The board is powered by a $1 ATtiny44A microcontroller. I used a 20 MHz external crystal oscillator for the microcontroller so I’d have a more accurate clock than I would with the internal RC oscillator. The board has a Mini-USB connector for power, an AVR ISP header for programming the microcontroller, and a JST-SH 6 pin connector for the GPS. I included pin headers for the antenna, making sure to connect them to a port that works with fast PWM. I also included 3 LEDs as status indicators — a red LED for power, a green LED to indicate a GPS lock, and a blue LED to show the unmodulated WWVB signal.

I designed the board using the EAGLE PCB design software and milled the board from a single-sided FR-1 circuit board blank on an Othermill v2:

Once the board was finished, I used solder paste and a hot air gun to solder my components. Hand soldering surface-mount components is pretty painful, but using solder paste, the entire soldering process took only ten minutes.


For my GPS module, I used a USGlobalSat EM-506, a high-sensitivity GPS powered by the SiRFstarIV chipset.


The 60 kHz WWVB signal has a very long wavelength: , so the wavelength is approximately . It’s challenging to design good antennas for such long wavelengths — a quarter-wavelength antenna would be about 1250 meters long! WWVB uses a sophisticated antenna setup that’s automatically tuned using a computer to achieve an efficiency of about 70%. Luckily, for my use case, I didn’t need to worry about designing a really efficient antenna and doing careful impedance matching — I was transmitting over such a small distance that efficiency didn’t matter too much.

I didn’t want to build my own antenna, so I gutted a radio clock and repurposed its ferrite core loopstick antenna. Thanks to antenna reciprocity, which says that the receive and transmit properties of an antenna are identical, I knew that this should work.

Clock disassembly


I wrote software to periodically get accurate time via GPS and continuously rebroadcast the time following the WWVB protocol. The software is written in plain C and doesn’t use any libraries or anything. I used the CrossPack development environment on macOS for compiling my code and flashing my microcontroller.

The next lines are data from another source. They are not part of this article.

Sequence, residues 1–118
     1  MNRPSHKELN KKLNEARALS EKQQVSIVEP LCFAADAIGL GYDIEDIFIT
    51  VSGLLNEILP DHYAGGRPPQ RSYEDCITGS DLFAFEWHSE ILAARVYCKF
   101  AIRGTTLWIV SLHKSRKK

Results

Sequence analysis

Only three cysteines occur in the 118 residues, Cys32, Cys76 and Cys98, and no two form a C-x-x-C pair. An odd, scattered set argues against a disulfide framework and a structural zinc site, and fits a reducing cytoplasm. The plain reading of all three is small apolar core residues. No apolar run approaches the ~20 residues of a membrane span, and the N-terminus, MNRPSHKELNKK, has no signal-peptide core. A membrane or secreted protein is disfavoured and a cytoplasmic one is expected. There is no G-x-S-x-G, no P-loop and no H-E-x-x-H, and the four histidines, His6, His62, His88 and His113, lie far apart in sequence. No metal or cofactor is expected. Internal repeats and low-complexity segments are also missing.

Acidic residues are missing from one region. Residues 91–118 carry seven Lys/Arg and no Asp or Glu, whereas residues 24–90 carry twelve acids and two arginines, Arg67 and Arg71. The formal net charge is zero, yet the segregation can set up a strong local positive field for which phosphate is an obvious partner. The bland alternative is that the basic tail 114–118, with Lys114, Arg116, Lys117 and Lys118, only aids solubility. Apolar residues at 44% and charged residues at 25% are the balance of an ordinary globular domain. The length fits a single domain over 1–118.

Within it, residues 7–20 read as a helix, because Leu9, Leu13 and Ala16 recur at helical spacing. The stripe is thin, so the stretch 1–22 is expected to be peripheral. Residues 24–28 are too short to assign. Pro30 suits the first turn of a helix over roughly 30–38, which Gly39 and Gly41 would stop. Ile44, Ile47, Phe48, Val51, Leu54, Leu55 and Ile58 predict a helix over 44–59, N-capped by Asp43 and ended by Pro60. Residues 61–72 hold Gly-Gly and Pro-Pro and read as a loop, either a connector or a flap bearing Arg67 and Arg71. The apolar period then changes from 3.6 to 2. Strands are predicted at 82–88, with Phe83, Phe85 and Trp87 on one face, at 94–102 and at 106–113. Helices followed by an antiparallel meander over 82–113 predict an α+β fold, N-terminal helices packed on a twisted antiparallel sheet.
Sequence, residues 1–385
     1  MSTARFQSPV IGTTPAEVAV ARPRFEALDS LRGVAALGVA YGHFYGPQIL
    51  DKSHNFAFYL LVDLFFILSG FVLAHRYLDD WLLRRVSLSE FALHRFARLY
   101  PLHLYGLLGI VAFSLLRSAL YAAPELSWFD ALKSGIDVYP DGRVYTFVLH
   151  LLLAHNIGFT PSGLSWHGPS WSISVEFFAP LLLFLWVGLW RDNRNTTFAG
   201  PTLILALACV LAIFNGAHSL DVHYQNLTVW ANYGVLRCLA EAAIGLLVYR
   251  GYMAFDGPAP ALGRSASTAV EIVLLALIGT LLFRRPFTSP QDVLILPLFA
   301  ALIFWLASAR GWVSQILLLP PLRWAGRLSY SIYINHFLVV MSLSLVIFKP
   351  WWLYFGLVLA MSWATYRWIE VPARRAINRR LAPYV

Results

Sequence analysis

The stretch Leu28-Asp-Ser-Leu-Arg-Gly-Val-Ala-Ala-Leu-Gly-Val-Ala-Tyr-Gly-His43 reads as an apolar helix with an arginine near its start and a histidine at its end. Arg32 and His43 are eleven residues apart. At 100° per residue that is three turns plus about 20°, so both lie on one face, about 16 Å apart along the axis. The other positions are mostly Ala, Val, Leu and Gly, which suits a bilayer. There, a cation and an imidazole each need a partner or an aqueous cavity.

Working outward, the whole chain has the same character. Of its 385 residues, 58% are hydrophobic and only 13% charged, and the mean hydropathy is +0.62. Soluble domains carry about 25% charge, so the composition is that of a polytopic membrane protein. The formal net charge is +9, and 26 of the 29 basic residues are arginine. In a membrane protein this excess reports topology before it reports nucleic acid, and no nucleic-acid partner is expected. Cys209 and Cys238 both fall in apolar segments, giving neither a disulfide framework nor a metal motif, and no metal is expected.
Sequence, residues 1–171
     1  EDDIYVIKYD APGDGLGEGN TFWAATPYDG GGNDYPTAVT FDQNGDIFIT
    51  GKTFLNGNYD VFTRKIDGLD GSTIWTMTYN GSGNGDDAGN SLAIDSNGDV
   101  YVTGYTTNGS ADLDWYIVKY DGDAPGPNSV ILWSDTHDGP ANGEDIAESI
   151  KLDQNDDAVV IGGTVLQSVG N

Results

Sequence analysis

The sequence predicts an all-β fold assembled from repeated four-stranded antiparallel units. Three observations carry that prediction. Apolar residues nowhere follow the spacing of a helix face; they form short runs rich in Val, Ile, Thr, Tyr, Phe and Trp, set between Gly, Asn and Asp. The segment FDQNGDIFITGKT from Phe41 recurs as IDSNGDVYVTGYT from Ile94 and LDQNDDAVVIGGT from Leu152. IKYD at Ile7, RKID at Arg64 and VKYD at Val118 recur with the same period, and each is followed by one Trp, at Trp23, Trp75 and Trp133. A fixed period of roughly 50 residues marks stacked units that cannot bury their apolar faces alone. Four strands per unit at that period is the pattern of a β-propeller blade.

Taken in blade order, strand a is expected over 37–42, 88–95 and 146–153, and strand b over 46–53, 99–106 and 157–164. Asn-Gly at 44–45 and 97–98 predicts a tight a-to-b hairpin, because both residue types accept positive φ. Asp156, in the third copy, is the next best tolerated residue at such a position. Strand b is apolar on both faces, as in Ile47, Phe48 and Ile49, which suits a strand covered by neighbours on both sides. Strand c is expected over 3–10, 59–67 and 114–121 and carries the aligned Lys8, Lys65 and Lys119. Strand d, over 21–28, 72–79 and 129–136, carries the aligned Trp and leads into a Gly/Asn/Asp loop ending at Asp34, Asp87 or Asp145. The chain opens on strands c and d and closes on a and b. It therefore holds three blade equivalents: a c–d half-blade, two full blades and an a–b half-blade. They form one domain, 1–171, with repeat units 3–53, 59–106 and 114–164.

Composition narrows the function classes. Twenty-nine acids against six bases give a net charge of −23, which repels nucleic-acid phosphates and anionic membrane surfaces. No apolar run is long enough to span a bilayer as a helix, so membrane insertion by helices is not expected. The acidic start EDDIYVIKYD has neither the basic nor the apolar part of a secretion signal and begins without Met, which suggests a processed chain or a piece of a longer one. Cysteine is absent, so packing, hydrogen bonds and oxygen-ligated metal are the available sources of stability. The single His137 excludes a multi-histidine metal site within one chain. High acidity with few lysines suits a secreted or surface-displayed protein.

Getting the software to work just right took a good amount of effort. To make it easier, I initially designed each component separately, and still, I ended up spending a lot of time debugging:

Debugging using an oscilloscope

NMEA GPS Interface

According to the datasheet, the EM-506 has a UART interface and supports both the SiRF Binary protocol and the NMEA protocol. NMEA 0183 is a standardized ASCII-based protocol, so I opted to use that over SiRF Binary.

After implementing software UART on the ATtiny44A, getting time data from the GPS was as simple as sending over a command to query for the ZDA (date and time) NMEA message:


In response, I’d get back a message with the current date and time (in UTC). For example, for 26 December 2016, 18:00:00, I’d get the following NMEA message1:


Date and Time Calculations

It was easy to parse the ZDA information to get the current date and time. However, the WWVB protocol required some extra date/time information not directly available in the ZDA data, so I had to write some date/time conversion utilities.

Leap year calculation was simple, and calculating the day of year was also straightforward.

Calculating whether daylight savings time was in effect took a little bit more effort. In the process of implementing it, I learned of a neat way to calculate the day of the week given the month, day, and year:

int day_of_week(long day, long month, long year) {
    // via
    long a = (14 - month) / 12;
    long y = year + 4800 - a;
    long m = month + 12 * a - 3;
    long jdn = day + (153 * m + 2) / 5 + 365 * y +
        (y / 4) - (y / 100) + (y / 400) - 32045;

    return (jdn + 1) % 7;

int is_daylight_savings_time(int day, int month, int year) {
    // according to NIST
    // begins at 2:00 a.m. on the second Sunday of March